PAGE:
• equip students with intellectual, practical and transferable skills required for a career as a chartered psychologist
  • develop and promote independent learning
  • develop knowledge of a range of research skills and methods for investigating experience and behaviour
  • promote and provide, where appropriate, a multi-disciplinary educational experience

2. Relevant subject benchmark statements and other external and internal reference points used to inform programme outcomes:

  • British Psychological Society GBR curriculum
  • Benchmark statements for Psychology
  • Framework for Higher Education Qualifications

3. Programme Learning Outcomes

3.1 Knowledge and Understanding

On successful completion of this programme, students should be able to: 

  • demonstrate knowledge and understanding of the core sub fields of the discipline: biological, cognitive, conceptual and historical issues, developmental, individual differences and social psychology.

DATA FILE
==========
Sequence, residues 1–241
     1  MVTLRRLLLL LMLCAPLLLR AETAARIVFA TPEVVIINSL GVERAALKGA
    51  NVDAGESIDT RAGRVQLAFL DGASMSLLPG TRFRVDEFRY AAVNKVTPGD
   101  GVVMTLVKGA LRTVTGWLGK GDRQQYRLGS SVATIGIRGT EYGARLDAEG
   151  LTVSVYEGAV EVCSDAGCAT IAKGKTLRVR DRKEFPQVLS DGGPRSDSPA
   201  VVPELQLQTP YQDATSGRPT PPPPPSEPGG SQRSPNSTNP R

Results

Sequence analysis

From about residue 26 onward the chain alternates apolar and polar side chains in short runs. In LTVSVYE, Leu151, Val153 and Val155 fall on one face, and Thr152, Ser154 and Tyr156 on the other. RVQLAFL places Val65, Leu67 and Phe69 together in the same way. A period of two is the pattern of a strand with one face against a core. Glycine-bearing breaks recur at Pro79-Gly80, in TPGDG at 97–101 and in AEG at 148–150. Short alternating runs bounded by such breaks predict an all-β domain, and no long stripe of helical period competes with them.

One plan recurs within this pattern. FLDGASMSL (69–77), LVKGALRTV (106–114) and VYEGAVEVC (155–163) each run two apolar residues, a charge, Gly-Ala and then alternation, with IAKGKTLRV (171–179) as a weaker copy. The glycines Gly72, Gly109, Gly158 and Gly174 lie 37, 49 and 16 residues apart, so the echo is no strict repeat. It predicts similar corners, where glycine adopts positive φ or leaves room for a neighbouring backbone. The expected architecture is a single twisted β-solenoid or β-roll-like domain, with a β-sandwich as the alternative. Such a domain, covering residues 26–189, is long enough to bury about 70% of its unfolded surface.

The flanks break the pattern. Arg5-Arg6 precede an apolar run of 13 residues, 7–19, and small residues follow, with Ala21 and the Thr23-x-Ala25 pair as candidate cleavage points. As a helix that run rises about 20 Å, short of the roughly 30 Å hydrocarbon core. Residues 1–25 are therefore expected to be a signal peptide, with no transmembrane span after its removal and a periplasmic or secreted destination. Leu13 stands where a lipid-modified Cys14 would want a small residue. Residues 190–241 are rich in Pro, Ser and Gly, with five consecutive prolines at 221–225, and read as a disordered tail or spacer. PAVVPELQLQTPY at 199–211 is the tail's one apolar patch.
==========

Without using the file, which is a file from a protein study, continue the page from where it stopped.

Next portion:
• With reference to appropriate research designs, describe a range of quantitative, qualitative and statistical research methods and techniques appropriate to psychometrics and psychological testing

3.2 Skills and other attributes

a. Subject-specific cognitive skills:

On successful completion of this programme, students should be able to: 

  • demonstrate evidence-based scientific reasoning, and make critical judgements about arguments and primary source material in psychology;
  • adopt multiple perspectives, systematically analyse the relationships between them and use these insights to make informed critcal judgements and evaluations;
  • search for similarities and general principles in order to detect meaningful patterns in psychological functioning;
  • recognise the continuous significance and import for psychology of contextual, interpersonal and cultural influences, and have some appreciation of the complexities their recognition raises;